Presentation on theme: "Pre-Lab: A Cell Model. Lesson Target I can explain how boundaries and compartments help living systems maintain and regulate the conditions necessary."— Presentation transcript:
Lesson Target I can explain how boundaries and compartments help living systems maintain and regulate the conditions necessary for life.
Vocabulary Indicators- Chemicals that show the presence of certain chemicals, to help in detecting what substances can and cannot pass through the membrane. Protocol- Steps for carrying out an experiment- PROCEDURES
Vocabulary Dialysis Tubing- A synthetic membrane made of a thin cellophane-like material. Microscopic pores allow certain sized substances to pass through. Glucose- a simple sugar that readily dissolves in water.
Vocabulary Lugol’s Iodine solution- an indicator that turns blue-black in the presence of starch. Starch- A complex molecule that forms a suspension in water. Turns blue-black in the presence of iodine. Benedicts Solution- A second test for glucose. Turns orange when heated.
Testable Question How does the size of a molecule affect its ability to pass through a membrane?
Hypothesis The smaller molecule will be able to pass through the membrane more easily than the larger molecules, because the membranes pores need to be small to help regulate what substances can pass through the membrane in order to protect the cell.
Materials List Safety goggles Plastic pipettes Dialysis tubing Plastic cups Starch solution Glucose solution Distilled water Lugol’s Iodine solution Glucose test strips Graduated cylinder Permanent marker Tubing clamps Paper towels Benedicts solution
Variables MV- The internal/ external environment of the “cell” RV- The passage of molecules across the membrane. CV’s- Amt. of solution in each model; Amt of solution in each environment; time allowed in each environment…etc.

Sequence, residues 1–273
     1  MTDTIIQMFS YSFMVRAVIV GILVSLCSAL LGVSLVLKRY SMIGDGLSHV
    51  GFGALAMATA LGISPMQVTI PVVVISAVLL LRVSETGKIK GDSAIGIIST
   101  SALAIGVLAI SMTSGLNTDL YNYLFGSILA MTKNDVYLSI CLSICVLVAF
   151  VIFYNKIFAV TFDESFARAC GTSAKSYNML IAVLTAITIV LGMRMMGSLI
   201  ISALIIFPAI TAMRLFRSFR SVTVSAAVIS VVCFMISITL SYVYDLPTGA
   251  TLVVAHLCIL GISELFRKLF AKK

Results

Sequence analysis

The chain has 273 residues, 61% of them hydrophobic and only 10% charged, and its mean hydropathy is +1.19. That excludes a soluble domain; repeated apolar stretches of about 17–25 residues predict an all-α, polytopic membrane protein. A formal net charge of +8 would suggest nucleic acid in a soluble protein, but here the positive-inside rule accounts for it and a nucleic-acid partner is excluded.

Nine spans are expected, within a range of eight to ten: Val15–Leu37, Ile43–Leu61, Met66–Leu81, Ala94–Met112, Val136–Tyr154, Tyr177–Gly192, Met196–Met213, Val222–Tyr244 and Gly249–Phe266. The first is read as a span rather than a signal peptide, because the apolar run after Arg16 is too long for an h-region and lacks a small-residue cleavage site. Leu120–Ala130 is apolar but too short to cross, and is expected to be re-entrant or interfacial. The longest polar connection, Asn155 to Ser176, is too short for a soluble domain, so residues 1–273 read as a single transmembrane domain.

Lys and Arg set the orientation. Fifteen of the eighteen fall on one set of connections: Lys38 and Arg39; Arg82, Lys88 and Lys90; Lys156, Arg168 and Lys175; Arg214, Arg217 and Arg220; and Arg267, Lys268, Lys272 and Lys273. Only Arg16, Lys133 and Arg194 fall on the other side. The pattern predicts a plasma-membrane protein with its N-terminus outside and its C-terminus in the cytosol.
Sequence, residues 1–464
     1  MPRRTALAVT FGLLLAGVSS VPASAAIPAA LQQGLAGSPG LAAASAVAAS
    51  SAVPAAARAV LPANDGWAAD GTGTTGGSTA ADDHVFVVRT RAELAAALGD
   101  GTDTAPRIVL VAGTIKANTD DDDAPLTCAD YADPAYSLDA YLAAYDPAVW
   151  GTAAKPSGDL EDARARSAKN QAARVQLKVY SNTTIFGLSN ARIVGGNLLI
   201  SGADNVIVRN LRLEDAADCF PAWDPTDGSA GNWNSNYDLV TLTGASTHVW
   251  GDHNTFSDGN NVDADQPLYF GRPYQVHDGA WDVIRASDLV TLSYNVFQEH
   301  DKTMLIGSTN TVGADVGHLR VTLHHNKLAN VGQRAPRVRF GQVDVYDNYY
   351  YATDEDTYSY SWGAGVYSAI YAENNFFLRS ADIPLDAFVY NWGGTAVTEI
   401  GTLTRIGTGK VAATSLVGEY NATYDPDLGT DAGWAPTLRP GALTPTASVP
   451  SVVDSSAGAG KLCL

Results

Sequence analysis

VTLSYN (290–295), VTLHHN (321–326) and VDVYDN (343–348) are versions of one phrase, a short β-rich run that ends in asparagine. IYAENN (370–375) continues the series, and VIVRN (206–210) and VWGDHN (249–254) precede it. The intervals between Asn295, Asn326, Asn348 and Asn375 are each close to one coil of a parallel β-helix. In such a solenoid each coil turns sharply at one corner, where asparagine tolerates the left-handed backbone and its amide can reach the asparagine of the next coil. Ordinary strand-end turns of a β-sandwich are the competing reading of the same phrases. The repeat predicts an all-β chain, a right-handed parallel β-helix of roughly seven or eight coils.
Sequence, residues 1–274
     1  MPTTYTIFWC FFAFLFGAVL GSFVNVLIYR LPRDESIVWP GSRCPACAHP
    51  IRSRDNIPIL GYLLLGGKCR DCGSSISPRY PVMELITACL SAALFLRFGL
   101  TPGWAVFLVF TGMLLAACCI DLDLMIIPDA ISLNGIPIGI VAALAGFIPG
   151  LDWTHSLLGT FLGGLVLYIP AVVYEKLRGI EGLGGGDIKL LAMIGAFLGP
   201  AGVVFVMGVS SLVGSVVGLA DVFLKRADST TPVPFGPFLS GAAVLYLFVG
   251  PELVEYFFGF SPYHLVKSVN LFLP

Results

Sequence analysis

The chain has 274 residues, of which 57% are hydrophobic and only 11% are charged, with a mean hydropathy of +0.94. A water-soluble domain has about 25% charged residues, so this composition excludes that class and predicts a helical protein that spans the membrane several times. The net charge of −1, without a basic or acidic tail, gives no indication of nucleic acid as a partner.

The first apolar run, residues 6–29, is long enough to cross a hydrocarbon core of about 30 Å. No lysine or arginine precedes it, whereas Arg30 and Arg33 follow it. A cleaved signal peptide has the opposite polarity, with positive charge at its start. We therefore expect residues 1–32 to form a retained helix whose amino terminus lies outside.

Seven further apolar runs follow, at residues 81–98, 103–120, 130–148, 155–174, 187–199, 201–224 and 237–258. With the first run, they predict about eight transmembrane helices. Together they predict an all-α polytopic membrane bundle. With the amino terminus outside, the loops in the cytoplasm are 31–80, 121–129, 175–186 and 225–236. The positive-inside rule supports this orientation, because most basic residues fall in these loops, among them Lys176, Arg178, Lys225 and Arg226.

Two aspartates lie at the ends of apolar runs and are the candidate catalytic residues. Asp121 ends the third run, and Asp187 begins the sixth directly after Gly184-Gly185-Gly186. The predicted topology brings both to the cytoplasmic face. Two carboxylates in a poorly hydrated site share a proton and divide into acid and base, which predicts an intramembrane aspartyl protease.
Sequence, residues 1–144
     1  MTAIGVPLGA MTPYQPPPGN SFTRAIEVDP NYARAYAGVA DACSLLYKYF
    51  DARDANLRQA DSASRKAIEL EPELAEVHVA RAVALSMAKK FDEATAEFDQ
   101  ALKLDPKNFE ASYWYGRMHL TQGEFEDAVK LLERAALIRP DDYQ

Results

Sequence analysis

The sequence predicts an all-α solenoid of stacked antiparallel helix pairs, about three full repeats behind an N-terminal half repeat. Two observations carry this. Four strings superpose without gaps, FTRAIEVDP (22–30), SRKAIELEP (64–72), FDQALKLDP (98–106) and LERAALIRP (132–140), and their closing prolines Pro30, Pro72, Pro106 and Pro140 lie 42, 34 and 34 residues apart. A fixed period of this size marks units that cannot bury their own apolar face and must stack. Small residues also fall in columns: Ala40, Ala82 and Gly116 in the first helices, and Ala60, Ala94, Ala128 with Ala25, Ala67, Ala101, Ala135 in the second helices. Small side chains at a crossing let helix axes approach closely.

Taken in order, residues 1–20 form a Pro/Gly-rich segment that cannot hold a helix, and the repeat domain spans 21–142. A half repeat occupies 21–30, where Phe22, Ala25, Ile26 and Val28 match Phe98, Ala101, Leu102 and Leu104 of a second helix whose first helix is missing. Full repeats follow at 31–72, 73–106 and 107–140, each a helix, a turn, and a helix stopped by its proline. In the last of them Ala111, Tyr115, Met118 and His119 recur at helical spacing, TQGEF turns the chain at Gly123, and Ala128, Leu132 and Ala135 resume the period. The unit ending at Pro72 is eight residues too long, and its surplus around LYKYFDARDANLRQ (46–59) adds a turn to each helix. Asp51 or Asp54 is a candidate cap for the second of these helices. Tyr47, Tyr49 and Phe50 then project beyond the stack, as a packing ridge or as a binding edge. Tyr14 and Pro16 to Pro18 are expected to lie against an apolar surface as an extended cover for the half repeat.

Procedures- Day 1 1.Wet the strip of dialysis tubing and tie a knot or use a clamp to secure one end of the tube. 2.Measure out the correct amt. of solution for the inside of the tube. Use the pipette to fill the tube. 3.Tie or clamp the second end of the model. Rinse and dry the model. 4.Mass the model and record in data table.
Procedures 5.Fill one cup with the proper amt. of solution for the external environment. Label cup with NAMES, DATE, and PERIOD. 6.Place your model in the cup 7.Clean up your work station. Sanitize the counter, wash and dry all equipment. Wait at lab station for inspection.
Procedures- Day 2 8.Take model out of cup. Rinse, dry, and record mass of model. 9.Test external environment for the presence of the cells internal solution using the appropriate indicator EX.- if starch was on the inside of the cell model use Lugol’s iodine to test the external environment for the presence of starch solution.
Procedures- Day 2 10.Carefully open the contents of the cell model over a clean cup. Test the internal solution for the presence of the cell model’s external environment. EX. If glucose was used on the outside of the cell model use the glucose test strips or Benedicts to test for the presence of glucose. Record the data in the table.
Procedures- Day 2 11. Clean and sanitize your work station. Wait at your lab station for inspection.
Results/ Data Table 1. Data for cell model constructed using dialysis tubing Contents of internal environment Contents of external environment Initial mass (g)Final Mass (g)Change in Mass (g) Predicted changes with explanations Internal Environment External Environment
Conclusion Write a conclusion that addresses the following: A statement of the question you tested and the results you predicted A description of your methods (how did you preform the experiment- including the materials you used. A description of your results in a well-organized table. An explanation of your experimental results that clearly explains how a cell membrane behaves as a barrier and how dialysis tubing serves as a model of a cell.